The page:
Training in poultry farming from the World Food Programme is improving nutrition one egg at a time
By Leni Kinzli
Conflict breeds hunger, it destroys livelihoods, disrupts basic services such as healthcare and education, and forces people from their homes.
Mohammed should know – he was forced to flee his village in eastern Sudan after conflict broke out in 1994 between the East Sudan Front and the Sudanese Government.
“Besides our family becoming separated, the most difficult thing was leaving our homes and village and not knowing when we would return,” says Mohammed.
The signing of the Eastern Sudan Peace Agreement in 2006 brought an end to conflict but not to hunger. Today, Mohammed’s village of Tahadai Osis is one of the most food-insecure places in eastern Sudan, where over 65 percent of children are affected by stunting (impaired growth and development that children experience as a consequence of poor nutrition).
Still, by 2014 Mohammed felt safe enough to return to his village. Seven years on, however, he finds he is struggling to make ends meet.
With “no [formal] education it has been very hard for me to provide for my family’s day-to-day needs,” he says.
In 2019, the World Food Programme (WFP), with funding from the European Union, launched a project to address the causes of food insecurity and malnutrition in eastern Sudan.
Cash assistance was provided to 350 Tahadai Osis residents as they worked on local infrastructure projects such as rehabilitating a school and the school’s farm, repairing a solar-powered water tank, building pipelines to connect the village to clean water, and building flood prevention measures such as earth-retaining walls and soil dams.
The community were introduced to poultry farming and educated on the nutritional benefits of eggs which are not traditionally consumed in this region. Some of the eggs are used to make breakfast for children at a nearby WFP-supported school and any surplus is sold on, with profits ploughed back into the farm.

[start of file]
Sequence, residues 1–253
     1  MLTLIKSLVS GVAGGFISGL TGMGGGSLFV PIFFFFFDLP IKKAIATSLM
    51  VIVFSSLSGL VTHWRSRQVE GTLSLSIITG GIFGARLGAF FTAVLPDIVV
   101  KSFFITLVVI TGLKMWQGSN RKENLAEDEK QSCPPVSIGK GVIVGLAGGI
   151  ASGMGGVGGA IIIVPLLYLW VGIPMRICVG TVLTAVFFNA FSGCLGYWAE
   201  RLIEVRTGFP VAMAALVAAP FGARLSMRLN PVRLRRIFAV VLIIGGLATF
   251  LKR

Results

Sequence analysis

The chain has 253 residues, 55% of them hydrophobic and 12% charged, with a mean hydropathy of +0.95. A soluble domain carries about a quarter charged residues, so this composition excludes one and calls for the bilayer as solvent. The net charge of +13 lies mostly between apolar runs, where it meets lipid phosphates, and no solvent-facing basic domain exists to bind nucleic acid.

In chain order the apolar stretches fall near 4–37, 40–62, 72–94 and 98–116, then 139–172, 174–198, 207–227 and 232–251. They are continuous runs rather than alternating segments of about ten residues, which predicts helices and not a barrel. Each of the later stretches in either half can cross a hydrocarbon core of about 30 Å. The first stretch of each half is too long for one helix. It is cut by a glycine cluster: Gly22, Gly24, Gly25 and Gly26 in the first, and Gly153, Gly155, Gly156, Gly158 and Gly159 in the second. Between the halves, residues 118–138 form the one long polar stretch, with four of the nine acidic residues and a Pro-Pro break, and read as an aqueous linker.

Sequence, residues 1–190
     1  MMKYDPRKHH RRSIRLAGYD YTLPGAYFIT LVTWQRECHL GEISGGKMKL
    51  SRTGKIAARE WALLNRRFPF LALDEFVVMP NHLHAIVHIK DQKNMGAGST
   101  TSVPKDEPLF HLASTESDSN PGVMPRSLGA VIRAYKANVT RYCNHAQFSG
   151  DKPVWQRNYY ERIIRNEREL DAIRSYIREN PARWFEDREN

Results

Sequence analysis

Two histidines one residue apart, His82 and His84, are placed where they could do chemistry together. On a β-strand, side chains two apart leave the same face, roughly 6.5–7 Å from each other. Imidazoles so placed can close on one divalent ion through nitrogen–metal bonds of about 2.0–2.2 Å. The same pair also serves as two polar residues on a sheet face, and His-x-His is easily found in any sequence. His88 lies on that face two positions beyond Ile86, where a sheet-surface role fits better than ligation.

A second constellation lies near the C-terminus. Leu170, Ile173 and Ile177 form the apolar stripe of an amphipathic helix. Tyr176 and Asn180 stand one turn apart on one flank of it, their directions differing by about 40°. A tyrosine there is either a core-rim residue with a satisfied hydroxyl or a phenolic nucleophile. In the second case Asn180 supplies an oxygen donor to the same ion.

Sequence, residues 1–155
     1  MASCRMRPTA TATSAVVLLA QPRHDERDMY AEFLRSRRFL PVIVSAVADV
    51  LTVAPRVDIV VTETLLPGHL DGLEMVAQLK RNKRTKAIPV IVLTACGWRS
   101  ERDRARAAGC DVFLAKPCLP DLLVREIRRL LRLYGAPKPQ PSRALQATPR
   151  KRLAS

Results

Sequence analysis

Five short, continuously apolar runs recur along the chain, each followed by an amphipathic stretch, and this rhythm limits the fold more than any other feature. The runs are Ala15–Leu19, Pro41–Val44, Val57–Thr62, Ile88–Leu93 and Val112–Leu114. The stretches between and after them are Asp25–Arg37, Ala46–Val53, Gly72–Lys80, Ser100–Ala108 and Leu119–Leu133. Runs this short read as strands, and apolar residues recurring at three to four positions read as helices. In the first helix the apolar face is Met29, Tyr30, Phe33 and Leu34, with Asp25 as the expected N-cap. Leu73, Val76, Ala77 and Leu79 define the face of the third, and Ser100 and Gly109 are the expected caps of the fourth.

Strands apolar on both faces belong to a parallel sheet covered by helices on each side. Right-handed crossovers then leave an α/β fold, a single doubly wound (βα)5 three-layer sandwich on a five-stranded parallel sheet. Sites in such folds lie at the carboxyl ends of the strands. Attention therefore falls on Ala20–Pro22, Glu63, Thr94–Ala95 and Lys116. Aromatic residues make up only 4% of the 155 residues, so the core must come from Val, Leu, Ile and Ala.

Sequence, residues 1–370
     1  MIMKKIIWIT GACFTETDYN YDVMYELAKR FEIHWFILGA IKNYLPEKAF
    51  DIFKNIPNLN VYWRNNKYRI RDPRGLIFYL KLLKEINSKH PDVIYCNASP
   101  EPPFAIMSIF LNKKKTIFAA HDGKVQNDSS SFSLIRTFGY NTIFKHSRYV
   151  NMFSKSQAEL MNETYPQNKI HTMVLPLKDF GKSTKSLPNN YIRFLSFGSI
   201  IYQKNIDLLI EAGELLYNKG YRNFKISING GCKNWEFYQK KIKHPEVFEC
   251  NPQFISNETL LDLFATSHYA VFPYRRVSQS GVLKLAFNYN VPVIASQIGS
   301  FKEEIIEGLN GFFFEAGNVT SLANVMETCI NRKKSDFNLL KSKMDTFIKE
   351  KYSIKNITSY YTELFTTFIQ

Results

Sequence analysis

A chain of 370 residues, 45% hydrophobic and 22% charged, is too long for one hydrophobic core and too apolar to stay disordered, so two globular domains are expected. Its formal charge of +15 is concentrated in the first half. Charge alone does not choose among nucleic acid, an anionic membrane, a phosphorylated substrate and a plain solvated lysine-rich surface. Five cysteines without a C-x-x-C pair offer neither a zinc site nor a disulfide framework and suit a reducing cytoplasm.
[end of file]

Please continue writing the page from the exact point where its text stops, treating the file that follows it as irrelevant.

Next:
Mohammed and his wife Madina have started their own poultry farm which enables them to improve the diets of their three daughters – one of whom suffered from malnutrition before the family sought help at a WFP-supported clinic.
“I cook the eggs for my daughters who really like them,” says Madina, “We sell any extra eggs which enables us to buy other basic necessities.”
Children aged under-5 and pregnant and breastfeeding women are also screened for malnutrition at a WFP-supported clinic in Tahadai Osis. Those affected are provided with nutritional supplements that are packed with vitamins and minerals and rich in protein.
Community volunteers also go door-to-door educating families on the importance of a healthy diet and hygiene measures which help to prevent malnutrition.
“Volunteers came to my house and taught me about the importance of screening my children for malnutrition and how to prevent it,” says Madina. “I am now more aware of my family’s health and nutrition needs.”
Improving the food security of families like Mohammed’s has contributed to peace and stability in the region and is encouraging others who fled conflict to return to their villages.
“WFP has helped us to establish a foundation for our community to thrive,” says Karrar, a poultry-keeper from the village. “Access to clean water supports our livelihood activities and we have learnt how to rear chickens and to grow a variety of vegetables which has improved our diets.”
WFP’s activities in Tahadai Osis village are part of a project entitled ’Improving nutrition and reducing stunting in eastern Sudan through an integrated nutrition and food security approach’. This work has been possible thanks to generous contributions from the European Union and the work of WFP’s implementing partner Sudan Vision.